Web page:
Our right to be free of unreasonable searches and seizures just moved a step closer to extinction. The most recent U.S. Supreme court case to carve deeper into the Bill of Rights was Mitchell v. Wisconsin. DUI laws in most states allow a person to refuse a chemical test of their breath or blood although there is typically a civil penalty (ie. potential loss of driving privileges). On June 27th the United States Supreme Court ruled that Gerard Mitchell’s blood alcohol test results, taken while he was unconscious, could be used against him in court if state law permitted it based on the exigent circumstances exception to warrantless searches.
Justice Samuel Alito wrote the court’s opinion. He explained that although the Fourth Amendment generally requires a warrant for a search, there are numerous exceptions to that rule. The “exigent circumstances” exception, he wrote, allows searches without a warrant to “prevent the imminent destruction of evidence.”
Alito has generally favored police powers over the rights of individual citizens to be free from government coercion. Alito wrote that blood-alcohol limits serve an important purpose in that they “are needed for enforcing laws that save lives.” If tests are not performed promptly, he wrote, the alcohol in a person’s bloodstream over will disappear over time. Therefore, “evidence is literally disappearing… by the minute.” The ruling of the court creates a general rule that police do not need a warrant to draw blood from an unconscious driver suspected of drunk driving.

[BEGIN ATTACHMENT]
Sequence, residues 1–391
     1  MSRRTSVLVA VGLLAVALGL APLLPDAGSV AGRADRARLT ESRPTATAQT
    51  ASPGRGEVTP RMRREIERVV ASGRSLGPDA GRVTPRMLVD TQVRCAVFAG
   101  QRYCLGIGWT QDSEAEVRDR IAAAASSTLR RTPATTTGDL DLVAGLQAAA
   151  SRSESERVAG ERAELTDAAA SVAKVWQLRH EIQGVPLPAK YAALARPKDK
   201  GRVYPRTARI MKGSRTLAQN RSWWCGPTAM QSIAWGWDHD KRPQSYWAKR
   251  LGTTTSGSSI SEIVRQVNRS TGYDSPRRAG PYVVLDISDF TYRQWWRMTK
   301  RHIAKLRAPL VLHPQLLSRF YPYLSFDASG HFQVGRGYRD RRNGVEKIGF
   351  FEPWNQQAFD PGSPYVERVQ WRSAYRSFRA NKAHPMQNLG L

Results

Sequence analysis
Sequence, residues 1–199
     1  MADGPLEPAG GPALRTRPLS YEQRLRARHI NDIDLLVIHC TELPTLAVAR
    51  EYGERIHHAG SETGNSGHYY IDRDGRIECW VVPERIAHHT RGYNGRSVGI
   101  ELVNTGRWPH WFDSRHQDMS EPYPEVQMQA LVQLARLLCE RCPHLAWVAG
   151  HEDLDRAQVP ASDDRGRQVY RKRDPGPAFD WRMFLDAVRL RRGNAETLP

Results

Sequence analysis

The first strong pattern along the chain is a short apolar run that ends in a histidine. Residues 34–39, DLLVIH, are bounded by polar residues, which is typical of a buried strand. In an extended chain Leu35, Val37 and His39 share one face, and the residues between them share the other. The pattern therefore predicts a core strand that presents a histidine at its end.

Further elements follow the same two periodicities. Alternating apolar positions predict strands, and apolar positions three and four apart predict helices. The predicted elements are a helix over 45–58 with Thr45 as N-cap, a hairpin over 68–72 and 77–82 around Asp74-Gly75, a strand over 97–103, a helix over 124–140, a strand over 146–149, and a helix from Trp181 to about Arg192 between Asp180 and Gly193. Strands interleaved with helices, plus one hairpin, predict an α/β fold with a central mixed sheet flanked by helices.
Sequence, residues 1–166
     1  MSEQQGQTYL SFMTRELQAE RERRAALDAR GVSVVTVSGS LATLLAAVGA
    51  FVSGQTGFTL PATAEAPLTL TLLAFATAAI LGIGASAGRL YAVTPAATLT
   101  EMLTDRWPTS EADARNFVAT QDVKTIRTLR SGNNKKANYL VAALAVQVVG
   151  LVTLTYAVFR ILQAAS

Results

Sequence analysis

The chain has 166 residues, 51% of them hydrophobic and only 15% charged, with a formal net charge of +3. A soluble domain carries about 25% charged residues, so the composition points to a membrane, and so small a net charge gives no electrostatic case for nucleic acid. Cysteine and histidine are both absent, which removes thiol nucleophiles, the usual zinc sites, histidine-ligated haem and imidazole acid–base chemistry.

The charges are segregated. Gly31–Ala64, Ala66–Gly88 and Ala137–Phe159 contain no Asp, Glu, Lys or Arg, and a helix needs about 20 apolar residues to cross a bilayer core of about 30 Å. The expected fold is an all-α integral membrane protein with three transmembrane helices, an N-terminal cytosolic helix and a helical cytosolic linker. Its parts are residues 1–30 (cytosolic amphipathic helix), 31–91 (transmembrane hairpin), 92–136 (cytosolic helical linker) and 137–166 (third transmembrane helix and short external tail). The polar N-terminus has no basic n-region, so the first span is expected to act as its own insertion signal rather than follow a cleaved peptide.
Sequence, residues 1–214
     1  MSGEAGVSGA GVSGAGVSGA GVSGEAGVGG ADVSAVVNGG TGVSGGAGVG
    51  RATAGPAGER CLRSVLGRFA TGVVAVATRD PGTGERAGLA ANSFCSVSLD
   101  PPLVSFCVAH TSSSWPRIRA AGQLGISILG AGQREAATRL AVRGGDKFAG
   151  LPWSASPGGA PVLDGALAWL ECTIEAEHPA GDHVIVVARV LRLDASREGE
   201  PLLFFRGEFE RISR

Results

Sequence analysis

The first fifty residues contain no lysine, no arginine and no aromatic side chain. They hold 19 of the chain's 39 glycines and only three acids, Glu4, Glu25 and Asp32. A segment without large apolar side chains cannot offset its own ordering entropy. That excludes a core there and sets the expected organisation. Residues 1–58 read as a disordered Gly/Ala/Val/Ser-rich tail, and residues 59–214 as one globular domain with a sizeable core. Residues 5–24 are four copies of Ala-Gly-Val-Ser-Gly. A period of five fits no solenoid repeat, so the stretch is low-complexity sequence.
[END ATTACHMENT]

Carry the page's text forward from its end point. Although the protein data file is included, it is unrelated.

Justices Sotomayor, Ginsburg and Kagan wrote a dissent in which they argued that Alito’s decision created a false premise that the police must choose between dealing with a drunk driver and getting a warrant. They argued that the Fourth Amendment creates a clear standard- “if there is time, get a warrant”. The state of Wisconsin never argued to the court that the exigent circumstances exception to warrants applied in Mitchell’s case. In fact, Wisconsin even conceded that the exception did not apply. The court’s ruling revealed the makeup of the court’s current justices in regard to where they stand on the fourth amendment. Justice Gorsuch dissented as well in the 5-4 ruling, writing that the court didn’t address the proper question presented by the case. He wrote that he would have dismissed the case without deciding it, and then waited for another case in which the exigent-circumstances exception was squarely presented to address that issue. Whether he would have sided with the pro-police powers majority was not clear. Where does that leave us?
For now, state laws retain jurisdiction over warrant requirements in cases like Mitchell’s, but the general rule will be that an unconscious blood draw will arguably be admissible in court due to exigent circumstances. Police have difficult jobs, and work to protect the public. That being said, the Fourth Amendment was enacted to prevent the long train of abuses that citizens have endured at the hands of their governments throughout history. Human nature has not changed. We need a Supreme Court that will stand up zealously for the rights of citizens to be free of government overreach into our personal space. Unlimited police powers leave no room for freedom. Liberty cannot exist without privacy. It cannot exist without the freedom to dissent from government requests for information and power. In Mitchell v. Wisconsin, the court was anxious to get it wrong on the issue of personal liberties.